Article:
"These are merely the permutations of the numbers from 1 to *N*! The Swap column shows the positions to exchange for generating the next permutation. In the six-team case, start with the first-day pairings of 1-2, 3-4, and 5-6. Then swap the positions of teams 2 and 3, and also swap the positions of teams 4 and 5, to generate the pairings for the next day: 1-3, 2-5, and 4-6. Swap the positions of teams 3 and 4, and of teams 5 and 6, to generate day three, and so on. PAIRINGS.PAS (Listing Two, page 169) implements this algorithm using Pascal to generate team pairings for sports events. Each team is guaranteed to play each other team exactly once, and no team plays more than one game per day. The code uses a touch of magic in the manipulation of the swap array at the end of the day loop, but is otherwise straightforward.

### Your Turn

Send me your thoughts, notes, and algorithms in care of DDJ, or post a message to my Compuserve ID, 73627,3241. Meanwhile, the next time you receive an unsolicited phone call from a high-pressure sales department, try this. Don't say anything. Just push a button on your touchtone phone in response to every question. Drives 'em nuts, and they hang up right away. I suppose this proves that I'm not too old to learn new tricks--even from a voice-mail machine with a mind of its own.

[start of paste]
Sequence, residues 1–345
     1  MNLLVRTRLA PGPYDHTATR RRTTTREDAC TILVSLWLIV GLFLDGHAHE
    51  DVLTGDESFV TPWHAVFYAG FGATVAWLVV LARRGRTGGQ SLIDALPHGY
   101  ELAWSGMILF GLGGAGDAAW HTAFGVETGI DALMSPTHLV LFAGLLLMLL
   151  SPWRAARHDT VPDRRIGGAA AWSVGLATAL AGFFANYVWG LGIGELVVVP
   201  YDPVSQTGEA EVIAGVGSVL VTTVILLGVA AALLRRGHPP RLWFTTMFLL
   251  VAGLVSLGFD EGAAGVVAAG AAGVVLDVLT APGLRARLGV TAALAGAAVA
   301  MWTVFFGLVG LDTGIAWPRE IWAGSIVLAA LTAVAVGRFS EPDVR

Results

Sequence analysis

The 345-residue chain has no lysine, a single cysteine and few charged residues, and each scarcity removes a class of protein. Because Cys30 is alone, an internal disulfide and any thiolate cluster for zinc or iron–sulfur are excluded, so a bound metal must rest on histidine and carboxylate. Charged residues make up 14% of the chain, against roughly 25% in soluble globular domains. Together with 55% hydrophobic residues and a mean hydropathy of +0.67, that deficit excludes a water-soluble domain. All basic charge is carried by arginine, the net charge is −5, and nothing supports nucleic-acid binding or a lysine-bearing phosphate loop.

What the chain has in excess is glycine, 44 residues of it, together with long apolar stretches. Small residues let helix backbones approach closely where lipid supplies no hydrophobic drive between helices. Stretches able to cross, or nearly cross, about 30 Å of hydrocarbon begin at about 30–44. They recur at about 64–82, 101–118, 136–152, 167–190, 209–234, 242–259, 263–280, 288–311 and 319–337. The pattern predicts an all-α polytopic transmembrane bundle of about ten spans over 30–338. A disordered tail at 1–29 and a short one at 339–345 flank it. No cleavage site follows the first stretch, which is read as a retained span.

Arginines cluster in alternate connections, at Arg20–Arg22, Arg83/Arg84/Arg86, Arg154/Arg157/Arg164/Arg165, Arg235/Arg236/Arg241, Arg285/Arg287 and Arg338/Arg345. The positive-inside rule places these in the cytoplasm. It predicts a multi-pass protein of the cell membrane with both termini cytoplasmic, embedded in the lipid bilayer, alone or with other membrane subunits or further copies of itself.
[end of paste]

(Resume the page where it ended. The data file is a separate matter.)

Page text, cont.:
#### Example 1: Pseudocode for Algorithm #12 (selection sampling)

const M = 1000; { Input records } N = 128; { Subset (N <= M) } var requested, examined, selected: Integer; r: Real; begin requested <- N; examined <- 0; selected <- 0; while (selected < requested) do begin examined <- examined + 1; r <- Random; if (M - examined) * r >= (requested - selected) then skip next input record else begin selected <- selected + 1; use next input record end end end.

#### Example 2:

for x <- 1 to NTeams - 1 do for y <- x + 1 to NTeams do write(x, '-', y, ',');

#### Table 1: Four and five sports-team pairings.

4 teams 5 teams Day 1 Day 2 Day 3 Day 1 Day 2 Day 3 Day 4 Day 5 1-2 1-3 1-4 1-2 1-3 1-4 1-5 1-* 3-4 2-4 2-3 3-4 2-5 2-* 3-* 4-5 5-* 4-* 3-5 2-4 2-3

#### Table 2: Team pairings from Table 1 rearranged.

4 teams Swap 6 teams Swap Day 1 12 34 2&3 12 34 56 2&3, 4&5 Day 2 13 24 3&4 13 25 46 3&4, 5&6 Day 3 14 23 14 26 35 2&3, 4&5 Day 4 15 36 24 3&4, 5&6 Day 5 16 45 23